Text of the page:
They don’t call it “the pearl of the Adriatic” for nothing. With its grand city walls, pedestrian-friendly Old Town and stunning views of the sea, Dubrovnik is a popular destination for travelers looking for a mix of history and sunshine.
Even if you have just a few days to explore, you’ll find a city overflowing with sites, seafood and stunning scenery.
Here are five Dubrovnik experiences you won’t want to miss.
Walk The City Walls
Dubrovnik’s city walls are considered among the finest in the world, offering amazing views of the sea, the Old Town and the city’s recent history. Those bright new terracotta rooftops you see from the walls? These were built after the city endured heavy shelling during the 1990s’ War of Independence.
The walls got their start in the early Middle Ages and were fortified throughout the centuries until they completely enclosed the city’s Old Town. Learn about their historical and political significance during a Dubrovnik ancient city walls historical walking tour. As you hike along the 1.2-mile (2 km) long stone fortifications, you’ll hear tales of ancient Romans, invading armies, and the rise and fall of nations.
Pro tip: The walls offer little shelter. Book an early or late tour to beat the heat and bring plenty of bottled water.
Get Your “Game of Thrones” On
Dubrovnik experienced a surge of popularity when the television show “Game of Thrones” filmed several scenes among the city’s historic fortresses. Dubrovnik served as the backdrop for King’s Landing and Backwater Bay. Its historic buildings doubled as brothels; its vistas hosted many name day battles. Cersei Lannister’s walk of shame? That was filmed here too.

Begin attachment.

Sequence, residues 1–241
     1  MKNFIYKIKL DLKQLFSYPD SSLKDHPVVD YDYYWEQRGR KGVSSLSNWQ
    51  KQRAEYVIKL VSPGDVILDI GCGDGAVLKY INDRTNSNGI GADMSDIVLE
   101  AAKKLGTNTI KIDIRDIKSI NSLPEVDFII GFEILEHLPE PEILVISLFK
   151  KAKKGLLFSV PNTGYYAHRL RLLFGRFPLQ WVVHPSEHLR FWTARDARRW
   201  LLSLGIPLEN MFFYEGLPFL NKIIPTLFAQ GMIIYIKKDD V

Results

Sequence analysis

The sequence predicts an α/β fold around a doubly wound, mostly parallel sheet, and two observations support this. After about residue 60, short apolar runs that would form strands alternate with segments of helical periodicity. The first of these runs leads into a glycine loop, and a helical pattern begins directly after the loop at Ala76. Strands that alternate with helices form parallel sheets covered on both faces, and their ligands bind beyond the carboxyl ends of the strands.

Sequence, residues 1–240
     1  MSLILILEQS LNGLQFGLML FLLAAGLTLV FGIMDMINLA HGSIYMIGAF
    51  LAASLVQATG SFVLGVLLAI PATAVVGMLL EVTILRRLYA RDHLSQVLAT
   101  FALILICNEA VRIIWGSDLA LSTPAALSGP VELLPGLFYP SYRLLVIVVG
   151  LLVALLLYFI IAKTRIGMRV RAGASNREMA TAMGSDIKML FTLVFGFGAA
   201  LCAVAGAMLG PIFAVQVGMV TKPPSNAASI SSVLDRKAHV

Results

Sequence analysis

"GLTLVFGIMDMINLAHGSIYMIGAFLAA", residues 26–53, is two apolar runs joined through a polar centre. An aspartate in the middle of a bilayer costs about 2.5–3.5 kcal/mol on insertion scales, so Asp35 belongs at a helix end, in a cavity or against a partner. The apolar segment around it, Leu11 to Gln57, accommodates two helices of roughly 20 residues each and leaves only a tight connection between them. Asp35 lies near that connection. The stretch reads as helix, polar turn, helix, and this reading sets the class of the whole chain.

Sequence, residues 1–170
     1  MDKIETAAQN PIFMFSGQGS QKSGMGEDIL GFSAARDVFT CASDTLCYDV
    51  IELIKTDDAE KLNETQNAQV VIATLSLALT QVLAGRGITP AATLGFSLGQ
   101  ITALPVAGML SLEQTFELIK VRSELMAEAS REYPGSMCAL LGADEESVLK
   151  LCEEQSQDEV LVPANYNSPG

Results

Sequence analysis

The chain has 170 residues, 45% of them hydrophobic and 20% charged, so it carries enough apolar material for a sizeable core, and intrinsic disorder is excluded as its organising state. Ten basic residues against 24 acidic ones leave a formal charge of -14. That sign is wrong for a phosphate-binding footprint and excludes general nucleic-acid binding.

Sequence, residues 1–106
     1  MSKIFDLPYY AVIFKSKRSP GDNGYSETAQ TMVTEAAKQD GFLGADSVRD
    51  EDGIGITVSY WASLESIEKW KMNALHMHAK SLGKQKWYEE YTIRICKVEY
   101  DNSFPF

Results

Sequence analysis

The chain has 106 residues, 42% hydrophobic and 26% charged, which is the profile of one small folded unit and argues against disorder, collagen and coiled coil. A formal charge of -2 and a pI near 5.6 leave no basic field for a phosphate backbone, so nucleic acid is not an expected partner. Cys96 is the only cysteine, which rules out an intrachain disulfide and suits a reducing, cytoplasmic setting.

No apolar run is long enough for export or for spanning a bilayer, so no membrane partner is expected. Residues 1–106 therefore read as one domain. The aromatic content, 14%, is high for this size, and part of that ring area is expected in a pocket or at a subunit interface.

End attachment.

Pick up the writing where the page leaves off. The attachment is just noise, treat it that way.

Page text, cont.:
The “Game of Thrones” walking tour takes you to some of the city’s most popular GOT sites, as well as lesser-known locations where the Targaryens, Baratheons and Starks vied for control of the Seven Kingdoms.
Explore The Sea
To fully appreciate the massive size of the city’s walls and the beauty of the surrounding seas, it’s time to get in the water. With the Dubrovnik sea kayak and snorkeling small-group tour, you’ll get to paddle the base of the city walls, near the St Lawrence fortress and city harbor, to Betina Beach, an inlet that can only be reached from the sea. Along the way you’ll get some history lessons and even more “Game of Thrones” trivia. Then it’s into the water. Cool off with a swim in and around the cavern while enjoying snacks and sun.
For a less labor intensive experience, hop aboard a replica of a 6th-century karaka, complete with cannons and wooden masts, for a sunset dinner cruise. Enjoy wine, champagne and anchovy carpaccio while watching the sun disappear behind the horizon.
Museum of Croatian War of Independence
Barely a generation ago, the city streets that today host sightseers and merrymakers were the site of bloody battles between people who once considered themselves countrymen. The Museum of Croatian War of Independence tells the story of the Balkan crises from the Croatian perspective, capturing the death and destruction in a series of photos, maps and old news footage.
The museum is set at the top of Mount Srd and can be easily accessed by cable car. This peak is of special importance to the locals. Mount Srd was the site of intense fighting during the war and is now seen as a symbol of the city’s spirit. After taking in the museum, celebrate Dubrovnik’s reconstruction by enjoying excellent views of Old Town.
Eat and Drink … Everything
Croatian cuisine draws from the tables of neighbors like Italy and Turkey, Hungary and Austria. In Dubrovnik, an abundance of fresh seafood and cheese and meat specialties from the nearby islands make for an even more diverse menu.
Konoba Veranda serves a delicious fisherman’s stew, as well as vegetarian takes on popular Croatian dishes. Closer to town, Nautika Restaurant is famous for its pastas and seafood, as well as its terrace overlooking the sea and the city walls. For a more laidback dinner, check out Vita Bella, which many say serves the best pizza in town.
The region is also famous for its wine. The country has been fermenting grapes for centuries, with modern winemakers using new techniques to revitalize ancient vineyards (and winning tons of international awards in the process!). The Peljesac Peninsula private wine tour takes you to the Peljesac peninsula, a region just an hour’s drive from Dubrovnik that’s praised for its vineyards. After meeting the vintners putting Croatia’s wine on the map, you’ll get to spend a few hours in the historic town of Ston, famous for its salt production, oysters and wine.
Don’t worry. You’ll get plenty of chances to sample all the region’s delicacies.